Q: How do you go from having a teacher who helps you work on a personalized sequence to establishing a home practice when you are no longer close to a good teacher's guidance? —Ana Santiago, Mexico City, Mexico
Sudha Carolyn Lundeen's reply:
You have addressed a situation that many yoga practitioners run into, and it can be very challenging. This can be especially difficult if you are making the transition from having a teacher who works with you privately. It's not uncommon to find your motivation and confidence begin to wobble without that consistent guidance. So, what to do? Get some support.
Find ways to ease into this transition. Ask your former teacher if she/he would be willing to talk to you by phone once in a while. If you have access to a video camera, tape your practice and send it to your teacher for coaching. You could also ask him or her to
make you an audio or video tape to practice with to help you feel your teacher's presence right in your new home. Another motivational trick is to find a yoga buddy, someone with whom you can practice and study. Having another person show up once a week to do yoga with you can significantly jump-start your home practice, whether you do your own thing side by side, put on a tape from one of your favorite teachers, or pull out the books and coach each other. As the saying goes, company is stronger than will power.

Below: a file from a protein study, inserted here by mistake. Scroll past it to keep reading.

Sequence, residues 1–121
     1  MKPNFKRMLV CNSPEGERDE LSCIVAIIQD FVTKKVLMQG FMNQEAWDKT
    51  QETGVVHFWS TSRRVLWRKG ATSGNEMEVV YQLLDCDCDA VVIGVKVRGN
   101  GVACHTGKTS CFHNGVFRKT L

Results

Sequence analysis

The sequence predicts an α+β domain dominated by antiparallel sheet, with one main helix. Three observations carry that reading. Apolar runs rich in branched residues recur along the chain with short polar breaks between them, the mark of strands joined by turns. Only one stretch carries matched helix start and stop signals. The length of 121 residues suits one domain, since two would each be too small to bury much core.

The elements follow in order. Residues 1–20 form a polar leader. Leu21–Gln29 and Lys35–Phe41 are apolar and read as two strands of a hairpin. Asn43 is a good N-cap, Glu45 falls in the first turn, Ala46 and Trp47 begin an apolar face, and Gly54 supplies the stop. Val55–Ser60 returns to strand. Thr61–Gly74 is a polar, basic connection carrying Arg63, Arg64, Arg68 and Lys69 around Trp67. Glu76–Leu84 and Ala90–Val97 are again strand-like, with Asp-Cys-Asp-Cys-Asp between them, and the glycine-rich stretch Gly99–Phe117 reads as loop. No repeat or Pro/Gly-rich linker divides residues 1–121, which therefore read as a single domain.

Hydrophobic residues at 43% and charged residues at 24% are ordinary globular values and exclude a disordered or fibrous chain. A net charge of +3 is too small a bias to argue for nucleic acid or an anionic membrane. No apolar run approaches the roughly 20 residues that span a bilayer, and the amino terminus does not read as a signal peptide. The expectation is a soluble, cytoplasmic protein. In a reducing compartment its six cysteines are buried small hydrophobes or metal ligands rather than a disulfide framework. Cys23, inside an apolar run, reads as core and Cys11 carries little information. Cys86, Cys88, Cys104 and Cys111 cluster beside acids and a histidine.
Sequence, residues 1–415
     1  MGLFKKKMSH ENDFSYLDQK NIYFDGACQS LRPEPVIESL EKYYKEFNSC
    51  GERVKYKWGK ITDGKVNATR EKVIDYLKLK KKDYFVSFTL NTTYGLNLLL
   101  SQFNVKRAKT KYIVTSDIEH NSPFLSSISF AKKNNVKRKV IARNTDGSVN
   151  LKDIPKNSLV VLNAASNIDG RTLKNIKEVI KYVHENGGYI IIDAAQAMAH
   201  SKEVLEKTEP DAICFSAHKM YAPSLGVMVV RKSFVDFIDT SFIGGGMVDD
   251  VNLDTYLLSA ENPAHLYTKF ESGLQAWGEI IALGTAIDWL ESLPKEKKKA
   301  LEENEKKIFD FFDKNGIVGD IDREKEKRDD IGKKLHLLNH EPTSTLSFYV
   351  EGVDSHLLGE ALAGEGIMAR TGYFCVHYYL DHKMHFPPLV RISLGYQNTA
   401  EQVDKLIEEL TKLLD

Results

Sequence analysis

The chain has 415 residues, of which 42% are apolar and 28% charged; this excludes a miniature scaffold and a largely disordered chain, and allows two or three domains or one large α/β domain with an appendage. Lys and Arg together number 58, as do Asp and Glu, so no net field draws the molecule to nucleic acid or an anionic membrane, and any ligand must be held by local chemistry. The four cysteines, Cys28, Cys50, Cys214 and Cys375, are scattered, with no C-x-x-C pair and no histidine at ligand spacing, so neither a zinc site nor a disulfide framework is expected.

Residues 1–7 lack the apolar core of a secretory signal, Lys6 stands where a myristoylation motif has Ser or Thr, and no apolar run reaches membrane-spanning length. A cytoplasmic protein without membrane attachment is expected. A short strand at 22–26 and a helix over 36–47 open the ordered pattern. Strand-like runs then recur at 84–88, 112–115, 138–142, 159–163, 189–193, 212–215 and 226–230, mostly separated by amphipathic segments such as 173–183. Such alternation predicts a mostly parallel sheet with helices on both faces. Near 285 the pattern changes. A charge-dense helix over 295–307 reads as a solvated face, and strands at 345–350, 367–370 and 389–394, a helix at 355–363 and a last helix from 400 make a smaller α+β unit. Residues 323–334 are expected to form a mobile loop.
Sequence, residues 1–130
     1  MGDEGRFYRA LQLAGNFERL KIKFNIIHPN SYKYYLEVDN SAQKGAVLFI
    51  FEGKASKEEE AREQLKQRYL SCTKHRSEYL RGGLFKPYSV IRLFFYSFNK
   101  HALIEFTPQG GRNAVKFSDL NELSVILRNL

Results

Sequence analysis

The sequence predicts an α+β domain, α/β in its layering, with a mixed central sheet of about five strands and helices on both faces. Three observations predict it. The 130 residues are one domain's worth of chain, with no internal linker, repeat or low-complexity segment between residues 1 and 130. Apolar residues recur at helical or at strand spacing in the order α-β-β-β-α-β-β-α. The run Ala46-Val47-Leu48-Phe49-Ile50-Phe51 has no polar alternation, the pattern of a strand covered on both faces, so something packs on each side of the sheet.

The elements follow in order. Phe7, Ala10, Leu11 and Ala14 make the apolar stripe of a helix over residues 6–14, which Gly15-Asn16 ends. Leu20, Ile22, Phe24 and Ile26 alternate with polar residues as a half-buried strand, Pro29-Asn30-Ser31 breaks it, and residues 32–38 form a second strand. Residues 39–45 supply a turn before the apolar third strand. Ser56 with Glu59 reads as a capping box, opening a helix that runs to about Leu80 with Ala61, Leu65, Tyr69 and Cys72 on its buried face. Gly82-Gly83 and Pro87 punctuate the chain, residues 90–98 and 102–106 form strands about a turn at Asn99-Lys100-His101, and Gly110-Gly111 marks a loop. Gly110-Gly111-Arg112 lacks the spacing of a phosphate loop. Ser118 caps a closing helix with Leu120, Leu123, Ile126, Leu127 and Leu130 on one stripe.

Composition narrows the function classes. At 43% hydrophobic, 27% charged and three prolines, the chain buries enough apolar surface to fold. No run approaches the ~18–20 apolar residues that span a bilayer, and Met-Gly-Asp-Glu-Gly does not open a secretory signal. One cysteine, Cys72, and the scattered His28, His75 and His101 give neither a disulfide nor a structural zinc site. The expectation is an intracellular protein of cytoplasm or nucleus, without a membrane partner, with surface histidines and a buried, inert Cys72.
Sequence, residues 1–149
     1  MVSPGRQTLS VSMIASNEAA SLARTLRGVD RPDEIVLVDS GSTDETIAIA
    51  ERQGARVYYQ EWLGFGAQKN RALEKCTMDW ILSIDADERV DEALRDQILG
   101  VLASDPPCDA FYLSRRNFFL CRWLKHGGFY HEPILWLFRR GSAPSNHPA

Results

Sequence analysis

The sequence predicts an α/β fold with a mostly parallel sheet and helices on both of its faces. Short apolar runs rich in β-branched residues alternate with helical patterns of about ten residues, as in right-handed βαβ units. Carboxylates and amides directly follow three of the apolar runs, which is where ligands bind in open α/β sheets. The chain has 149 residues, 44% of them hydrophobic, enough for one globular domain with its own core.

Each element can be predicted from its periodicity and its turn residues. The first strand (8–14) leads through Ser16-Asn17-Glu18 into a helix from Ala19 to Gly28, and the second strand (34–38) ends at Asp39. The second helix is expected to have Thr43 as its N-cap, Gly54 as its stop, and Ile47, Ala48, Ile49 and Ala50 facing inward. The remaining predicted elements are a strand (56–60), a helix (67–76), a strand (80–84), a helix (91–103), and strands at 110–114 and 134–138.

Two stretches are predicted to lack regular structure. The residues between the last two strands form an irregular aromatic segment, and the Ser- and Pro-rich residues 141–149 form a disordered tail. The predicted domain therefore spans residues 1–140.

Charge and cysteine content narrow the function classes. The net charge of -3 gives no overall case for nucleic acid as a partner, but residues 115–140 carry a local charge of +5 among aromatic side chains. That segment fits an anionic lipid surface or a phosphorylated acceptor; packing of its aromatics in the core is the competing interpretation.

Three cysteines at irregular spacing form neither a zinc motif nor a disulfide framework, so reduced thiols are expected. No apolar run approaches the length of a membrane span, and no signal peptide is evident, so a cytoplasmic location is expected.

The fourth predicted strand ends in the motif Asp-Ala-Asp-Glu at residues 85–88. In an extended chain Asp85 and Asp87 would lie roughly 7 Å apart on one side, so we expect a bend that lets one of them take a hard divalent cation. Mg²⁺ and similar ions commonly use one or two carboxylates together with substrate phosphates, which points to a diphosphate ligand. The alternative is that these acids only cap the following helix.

Another suggestion is to periodically take advantage of the many wonderful yoga teachers who travel to different cities to teach. It sounds like you have experienced the benefits of having particularly inspiring teachers; chances are you can find some of their schedules on their Web sites or advertised in Yoga Journal.
You clearly take your practice to heart and miss the support that you had grown accustomed to. Don't give up. Persistence pays off. And in the meantime, focus on cultivating the ability to hear and trust your inner teacher. In the end, the most important teacher of all is the one within.
Sudha Carolyn Lundeen is certified as an Advanced Kripalu Yoga Instructor, Holistic Health Nurse, and Phoenix Rising Yoga Therapist. She is the former Director of Kripalu Yoga Teachers Association, has been leading programs on yoga, health, and healing for more than 20 years, and is a senior faculty member
at Kripalu Center for Yoga and Health in Lenox, Massachusetts. She offers private yoga coaching and specializes in helping women navigate the experience of breast cancer.